Scleroderma renal crisis

SRC usually presents with severe arterial hypertension often described as accelerated or malignant, and acute renal failure (ARF). It is one of the most serious complications of SSc, occurring in approximately 5–15% of cases, of which 2% occur with the localized variety (SSlc) and 12% in the diffuse (SSdc).8 On the other hand, non-malignant arterial hypertension without uremia and abnormalities in the urine or mild uremia attributable to other factors in the absence of SRC are common in SSc and should not be confused with SRC.9

Pathophysiology

The primary process is the lesion of endothelial cells, which produces intimal thickening and proliferation of arched and interlobular arteries. Abnormal thickening of the vessel walls allows aggregation and adhesion of platelets. The release of platelet factors increases vascular permeability and may participate in the production of increased collagen and fibrin deposition contributing to the luminal narrowing (Fig. 1). These narrowed arterial vessels generate a decrease in renal perfusion, particularly in cortical blood flow, which added to the episodic vasospasm called “The renal Raynaud's phenomenon” demonstrated in the first classic studies of Cannon et al.,10 decreases the perfusion of the juxtaglomerular apparatus, generating its hyperplasia,11 promoting a marked plasma renin release, with activation of the renin–angiotensin–aldosterone system and production of angiotensin II which is a potent direct vasoconstrictor of vascular smooth muscle inducing malignant hypertension and rapidly progressive renal failure.12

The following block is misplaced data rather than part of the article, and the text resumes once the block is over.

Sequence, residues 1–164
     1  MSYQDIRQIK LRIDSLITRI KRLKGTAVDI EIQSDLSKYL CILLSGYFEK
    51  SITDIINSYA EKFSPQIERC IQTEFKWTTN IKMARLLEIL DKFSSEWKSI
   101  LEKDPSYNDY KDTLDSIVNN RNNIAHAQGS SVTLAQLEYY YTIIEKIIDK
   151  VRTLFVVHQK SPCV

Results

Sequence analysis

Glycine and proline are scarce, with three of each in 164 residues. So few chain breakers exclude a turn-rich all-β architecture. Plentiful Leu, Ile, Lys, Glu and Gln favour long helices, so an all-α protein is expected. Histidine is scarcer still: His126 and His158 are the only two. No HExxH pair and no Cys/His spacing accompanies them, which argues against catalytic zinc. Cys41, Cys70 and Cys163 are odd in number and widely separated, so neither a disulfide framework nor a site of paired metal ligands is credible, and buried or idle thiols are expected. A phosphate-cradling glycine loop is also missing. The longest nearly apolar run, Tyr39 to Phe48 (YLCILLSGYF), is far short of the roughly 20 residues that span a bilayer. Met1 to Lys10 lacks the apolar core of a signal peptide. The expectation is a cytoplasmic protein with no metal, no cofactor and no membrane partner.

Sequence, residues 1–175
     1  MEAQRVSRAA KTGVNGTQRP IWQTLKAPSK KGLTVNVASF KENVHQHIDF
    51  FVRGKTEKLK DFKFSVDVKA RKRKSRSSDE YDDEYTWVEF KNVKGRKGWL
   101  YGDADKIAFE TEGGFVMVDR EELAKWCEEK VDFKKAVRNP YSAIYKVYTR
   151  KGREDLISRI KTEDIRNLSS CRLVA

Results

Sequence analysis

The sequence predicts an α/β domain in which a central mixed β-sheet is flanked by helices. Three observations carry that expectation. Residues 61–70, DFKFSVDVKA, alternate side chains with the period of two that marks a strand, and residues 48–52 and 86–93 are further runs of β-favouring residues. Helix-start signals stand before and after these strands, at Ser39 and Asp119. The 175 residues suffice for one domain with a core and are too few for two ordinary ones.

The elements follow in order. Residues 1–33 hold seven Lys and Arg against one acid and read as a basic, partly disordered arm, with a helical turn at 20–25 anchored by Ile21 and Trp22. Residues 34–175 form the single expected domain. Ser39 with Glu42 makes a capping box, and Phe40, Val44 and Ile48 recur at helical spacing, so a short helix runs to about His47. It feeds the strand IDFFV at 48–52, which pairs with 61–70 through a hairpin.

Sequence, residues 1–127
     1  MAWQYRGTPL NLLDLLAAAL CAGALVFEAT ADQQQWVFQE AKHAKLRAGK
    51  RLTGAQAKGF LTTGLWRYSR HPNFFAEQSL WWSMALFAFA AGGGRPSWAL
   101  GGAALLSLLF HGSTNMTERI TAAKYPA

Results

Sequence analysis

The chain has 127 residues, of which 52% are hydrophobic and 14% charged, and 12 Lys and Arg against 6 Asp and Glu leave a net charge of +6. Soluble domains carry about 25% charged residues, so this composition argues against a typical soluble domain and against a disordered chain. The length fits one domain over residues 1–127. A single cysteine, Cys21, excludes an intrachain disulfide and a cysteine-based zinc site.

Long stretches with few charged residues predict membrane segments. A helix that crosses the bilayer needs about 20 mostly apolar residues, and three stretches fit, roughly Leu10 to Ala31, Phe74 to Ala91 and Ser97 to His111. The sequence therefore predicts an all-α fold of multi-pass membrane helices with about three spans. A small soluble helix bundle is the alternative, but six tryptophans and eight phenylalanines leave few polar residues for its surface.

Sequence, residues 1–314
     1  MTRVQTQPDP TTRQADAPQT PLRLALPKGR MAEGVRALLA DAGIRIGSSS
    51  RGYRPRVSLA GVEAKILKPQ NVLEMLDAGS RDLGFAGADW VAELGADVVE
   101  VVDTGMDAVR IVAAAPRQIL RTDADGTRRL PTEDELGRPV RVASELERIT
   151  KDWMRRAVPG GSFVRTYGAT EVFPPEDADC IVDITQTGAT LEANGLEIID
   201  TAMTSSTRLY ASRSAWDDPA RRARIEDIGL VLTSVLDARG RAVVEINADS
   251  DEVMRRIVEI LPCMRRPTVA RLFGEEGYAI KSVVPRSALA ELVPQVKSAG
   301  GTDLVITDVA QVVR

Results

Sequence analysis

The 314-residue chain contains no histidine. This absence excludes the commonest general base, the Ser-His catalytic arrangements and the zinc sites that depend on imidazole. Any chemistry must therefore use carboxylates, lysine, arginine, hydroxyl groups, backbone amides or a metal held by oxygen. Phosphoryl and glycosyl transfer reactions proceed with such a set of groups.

Fig. 1.

Pathophysiology of scleroderma renal crisis.

(0.28MB).

Recent evidence showed that different fragments derived from the extracellular matrix play a role in the process of vascular remodeling since it is strictly related to apoptosis of endothelial cells.13 The increase in the levels of endothelin-1,14 soluble vascular adhesion molecules and soluble E-selectin15 has also been shown to be associated with renal crisis.

Although it was suspected that hormonal factors such as catecholamines, kinins and prostaglandyns are involved in the pathogenesis, only a few data support this hypothesis, suggesting that the pathophysiology of renal crisis is mainly due to the dysfunction of the factors that control the renal circulation,16 so that the SRC results from situations in which renal blood flow is compromised as in cardiac dysfunction,17,18 pregnancy, and alterations in blood volume and flow.19

Medications such as corticosteroids have been implicated for years in the development of SRC.20 A systematic review21 found a strong association between high doses of prednisone and renal crisis, but the exact pathophysiological relationship is unknown, although it is known that there is impaired endothelial function and inhibition of prostacyclin production, increasing angiotensin converting enzyme activity.

The patients most likely to receive steroids are those with early inflammatory disease having a higher risk of SRC. The severity of the disease and concomitant interventions can be confusing. But it is recommended that caution should be exercised when starting corticosteroids especially at high doses and in patients with early diffuse scleroderma. Other drugs, which cause vasospasm, and that have been associated with renal crises, are cyclosporine22 and tacrolimus.23